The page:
How-To Geek

What’s the Best Antivirus for Windows 10? (Is Windows Defender Good Enough?)

Windows 10 won’t hassle you to install an antivirus like Windows 7 did. Since Windows 8, Windows now includes a built-in antivirus called Windows Defender (which used to be available separately as Microsoft Security Essentials). But is it really the best for protecting your PC–or even just good enough?

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Running antivirus is still very important, but these days the really active threats are from spyware, adware, crapware, and the worst of all: ransomware. That’s where Malwarebytes comes in.

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And to protect your browser against zero-day exploits they also have Malwarebytes Anti-Exploit, which can stop drive-by attacks cold. And best of all, you can run Malwarebytes alongside your existing antivirus to keep yourself protected even better.

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A One-Two Punch: Antivirus and Anti-Malware

Here’s the short version: antivirus itself is no longer adequate security on its own. We recommend you use a good antivirus program and a good anti-malware program. Together, they will protect you from most of the biggest threats on the internet today: viruses, spyware, ransomware, and even potentially unwanted programs (PUPs)—among many others.

So which ones should you use? Let’s start with the first part of that combo: antivirus.

Is Windows Defender Good Enough?

When you install Windows 10, you’ll have an antivirus program already running. Windows Defender comes built-in to Windows 10, and automatically scans programs you open, downloads new definitions from Windows Update, and provides an interface you can use for in-depth scans.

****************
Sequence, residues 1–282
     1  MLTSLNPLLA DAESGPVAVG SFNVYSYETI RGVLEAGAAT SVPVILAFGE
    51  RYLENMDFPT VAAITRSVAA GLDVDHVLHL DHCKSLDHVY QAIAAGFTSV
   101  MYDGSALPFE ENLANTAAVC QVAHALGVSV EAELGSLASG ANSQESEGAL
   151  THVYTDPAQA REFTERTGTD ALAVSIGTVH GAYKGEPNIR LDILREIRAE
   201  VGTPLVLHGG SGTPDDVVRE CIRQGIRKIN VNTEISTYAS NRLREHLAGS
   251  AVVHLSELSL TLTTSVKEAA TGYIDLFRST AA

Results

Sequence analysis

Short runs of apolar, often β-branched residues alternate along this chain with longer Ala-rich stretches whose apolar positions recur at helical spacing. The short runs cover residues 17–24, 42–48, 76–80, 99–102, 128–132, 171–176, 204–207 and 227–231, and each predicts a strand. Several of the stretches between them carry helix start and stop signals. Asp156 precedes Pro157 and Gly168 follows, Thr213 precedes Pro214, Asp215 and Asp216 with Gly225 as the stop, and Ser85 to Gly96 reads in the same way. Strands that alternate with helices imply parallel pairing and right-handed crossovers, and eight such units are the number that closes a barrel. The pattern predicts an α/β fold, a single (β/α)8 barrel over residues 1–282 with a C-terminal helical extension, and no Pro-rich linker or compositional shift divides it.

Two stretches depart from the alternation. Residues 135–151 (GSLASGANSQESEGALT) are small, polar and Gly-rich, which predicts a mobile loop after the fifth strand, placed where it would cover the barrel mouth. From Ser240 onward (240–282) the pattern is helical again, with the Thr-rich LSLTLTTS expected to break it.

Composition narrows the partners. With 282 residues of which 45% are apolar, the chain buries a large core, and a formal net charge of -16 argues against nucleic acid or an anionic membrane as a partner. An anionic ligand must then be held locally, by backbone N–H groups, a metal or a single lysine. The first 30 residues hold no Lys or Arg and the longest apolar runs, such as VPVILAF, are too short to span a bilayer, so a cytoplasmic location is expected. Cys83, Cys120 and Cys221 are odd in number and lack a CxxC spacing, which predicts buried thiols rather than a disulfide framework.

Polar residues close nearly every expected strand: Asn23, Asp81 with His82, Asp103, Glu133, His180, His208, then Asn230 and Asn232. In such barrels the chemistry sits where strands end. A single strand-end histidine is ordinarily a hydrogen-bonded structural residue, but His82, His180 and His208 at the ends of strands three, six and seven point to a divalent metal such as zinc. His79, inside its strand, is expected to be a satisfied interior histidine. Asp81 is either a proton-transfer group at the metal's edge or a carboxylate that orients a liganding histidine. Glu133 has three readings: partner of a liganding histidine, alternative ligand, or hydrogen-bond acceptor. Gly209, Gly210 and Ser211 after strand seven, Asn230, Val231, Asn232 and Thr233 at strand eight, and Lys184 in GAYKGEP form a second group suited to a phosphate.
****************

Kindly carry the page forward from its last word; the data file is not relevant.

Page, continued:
But how good is it? Well, truth be told, Microsoft’s antivirus is a bit behind the others when it comes to comparative antivirus software tests. We’ve sounded the alarm on this before, and we were particularly worried because we had previously liked Microsoft’s antivirus product so much.

Windows Defender has a lot of advantages. It’s built-in, won’t harass you with pop-ups and requests for money, and is lighter than some competing antivirus solutions. It won’t attempt to harvest your browsing data and make money from it, as some free antivirus programs have started doing in an attempt to make a profit.

Overall, Windows Defender doesn’t provide bad protection, assuming you keep Windows up-to-date, use an up-to-date browser, and avoid potentially dangerous plug-ins like Java. In short: the standard computer security practices you should be following go a long way, and Windows Defender combines that with a baseline of protection.

Windows Defender receives fairly low “scores” in antivirus rankings–just 3.5 out of 6 from AV-TEST and the vague but not-very-complimentary “tested” from AV-Comparatives. However, when it comes to actual statistics, AV-TEST found that it still caught 99 percent of the “widespread and prevalent malware” in October 2015, along with 95 percent of the zero-day attacks. AV-Comparatives real-world protection tests found that it caught 94.5% of threats. That’s decent, although still lower than almost every other option (and when you consider AV-Comparatives’ sample size of 1517 threats, it meant that 89 threats still got through).